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Tidal marsh restoration underway on Fairhaven side of New Bedford Harbor coastline

Posted on April 19, 2023

By scooping out and removing the sediment that originally filled what was left of the salt marsh, heavy equipment operators are helping to restore the marshland.

Many years ago, the drivers behind the wheel were filling it in.

Buzzards Bay Coalition Restoration Ecologist Sara Quintal said efforts are underway to restore the tidal marsh on 11 acres of land on the peninsula at the end of River Avenue behind Breakwater Marinas in Fairhaven are part of an effort to begin to restore the resources that were damaged over decades.

“From the 1800s up through the 1900s, it’s estimated that we lost almost 140 acres of salt marsh along the Acushnet River,” she said. “A tremendous amount of salt marsh was filled in for industry to be able to build the wharves and the textile factories.”

A salt marsh is a buffer, a sponge, a purification system and a nursery ground for fish, and because it serves so many purposes, she said it’s significant to have lost so much saltmarsh in the river system.

It’s exciting, she said, to be part of the team working to bring back a significant amount of that salt marsh.

A walkway to enjoy nature

Imagine walking the perimeter of a restored saltmarsh watching the shore birds while pushing a baby stroller.

The site will be open to the public. A walkway has been constructed around the perimeter of the site for walkers, bird watchers and other visitors, and there will be handicap-accessible and stroller-accessible trailhead parking at the end of Taber Street.

A marsh island will be created as a safe haven for birds that like to build their nests close to the marsh surface but whose habitats have been flooded.

“That’s going to help them persevere in their attempts to lay successful nests that get don’t flooded out by these ever-increasing storm tides and higher sea levels,” she said.

The conservation property is being constructed in two phases on a peninsula of land overlooking New Bedford Harbor with the first phase expected to wrap up this year.

Funding secured for restoration

The New Bedford Harbor Trustee Council has provided approximately $4.6 million in funding for this project with a $2 million match from the National Fish and Wildlife Foundation.

The project partners are the Buzzards Bay Coalition together with the NOAA Restoration Center, the Massachusetts Division of Ecological Restoration and the Fairhaven-Acushnet Land Preservation Trust.

The Coalition is managing the entire project, including the south side of the project, which it owns, and the Preservation Trust which owns the north side of the site. Quintal said the Coalition assists the project partners with managing the day-to-day operations.

While there is progress on the north side, the overall project is impeded by efforts to have the two active radio towers on the south side removed so that work can begin. That effort has been ongoing for some time due to changes in ownership of the towers.

Quintal said it’s unclear when construction of the second phase can begin.

Repopulating the marshland

The process of repopulating the salt marsh will be sped up by planting it, starting with about six acres as part of the first phase sometime in April. The connection with the harbor will open up and after the tide has cycled through and the site has settled, they will plant about 60,000 marsh plugs.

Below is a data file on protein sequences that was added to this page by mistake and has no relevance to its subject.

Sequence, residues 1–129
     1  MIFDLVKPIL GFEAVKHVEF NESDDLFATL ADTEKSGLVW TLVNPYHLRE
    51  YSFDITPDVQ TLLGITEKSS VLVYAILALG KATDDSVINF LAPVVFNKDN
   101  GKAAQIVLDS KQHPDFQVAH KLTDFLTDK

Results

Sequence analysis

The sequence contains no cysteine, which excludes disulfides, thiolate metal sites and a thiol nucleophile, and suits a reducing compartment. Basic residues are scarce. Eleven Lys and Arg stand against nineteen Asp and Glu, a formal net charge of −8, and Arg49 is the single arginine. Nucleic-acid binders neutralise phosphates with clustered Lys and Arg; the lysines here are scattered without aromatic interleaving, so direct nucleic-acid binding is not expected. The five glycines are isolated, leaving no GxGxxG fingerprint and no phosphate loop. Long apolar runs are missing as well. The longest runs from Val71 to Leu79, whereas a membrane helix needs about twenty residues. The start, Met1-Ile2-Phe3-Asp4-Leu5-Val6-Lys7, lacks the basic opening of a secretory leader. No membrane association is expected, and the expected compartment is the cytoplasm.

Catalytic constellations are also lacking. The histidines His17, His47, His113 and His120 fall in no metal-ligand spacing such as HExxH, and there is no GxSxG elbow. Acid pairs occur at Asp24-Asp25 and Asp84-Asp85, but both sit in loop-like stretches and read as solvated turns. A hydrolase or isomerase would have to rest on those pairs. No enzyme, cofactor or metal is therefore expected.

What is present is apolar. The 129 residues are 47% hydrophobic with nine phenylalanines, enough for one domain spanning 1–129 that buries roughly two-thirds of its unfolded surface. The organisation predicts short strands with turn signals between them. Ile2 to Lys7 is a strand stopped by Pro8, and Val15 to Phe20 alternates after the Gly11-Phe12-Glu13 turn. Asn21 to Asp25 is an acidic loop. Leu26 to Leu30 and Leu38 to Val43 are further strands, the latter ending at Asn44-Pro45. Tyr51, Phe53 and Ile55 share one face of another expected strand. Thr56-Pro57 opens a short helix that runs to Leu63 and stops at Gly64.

While the plugs are grown in New Jersey, some of those plugs are locally sourced seed, and they are also getting a local genotype of a particularly drought tolerant marsh plant that likes to grow at the upper edge of the marsh and the lower edge of the sand dune.

“The design overall is really focused on coastal resiliency and forward thinking so we want to give this marsh that we are reconstructing as long of a timeline as possible,” she said. “We acknowledge that sea level rise is happening – we certainly can see it among many of our sites throughout Buzzards Bay – so we wanted to ensure that the marsh that we’re designing here was going to keep up with that sea level rise in such a way that we’re going to have saltmarsh for the longevity of the site.”

She said with very little coastal sandplain habitat remaining, another benefit of the project is revitalization of an upland habitat that works well next to the marsh because of the sandy soils.

“We’re bringing back a really, really precious habitat in an estuary river, and we’re bringing back rare habitat that there’s less and less of over time, so this will be a tremendous resource for a multitude of wildlife species and plant species,” she said.

The history of the site

Overall, Quintal said, the project is about taking back the natural resources that were damaged on site going back to the 1930s, and looking further back, to the 1800s when the granite on site was quarried.

“When the city was getting ready to dredge New Bedford Harbor in the late 1930s, they needed a place to put material and this site was very opportunely located, and they decided it was a great spot,” she said.

With an agreement between New Bedford and Fairhaven in place, the former quarry was filled with mostly sandy material from the harbor from the late 1930s to the early 1950. Quintal said what was visible looked like a sandy beach for a very long time.

Eventually the site was left with some marsh, some granite outcrop and apparently a deep pool, she said. Some of the exposed granite rocks will remain on site, a relic of sorts left over from the granite quarry operations.


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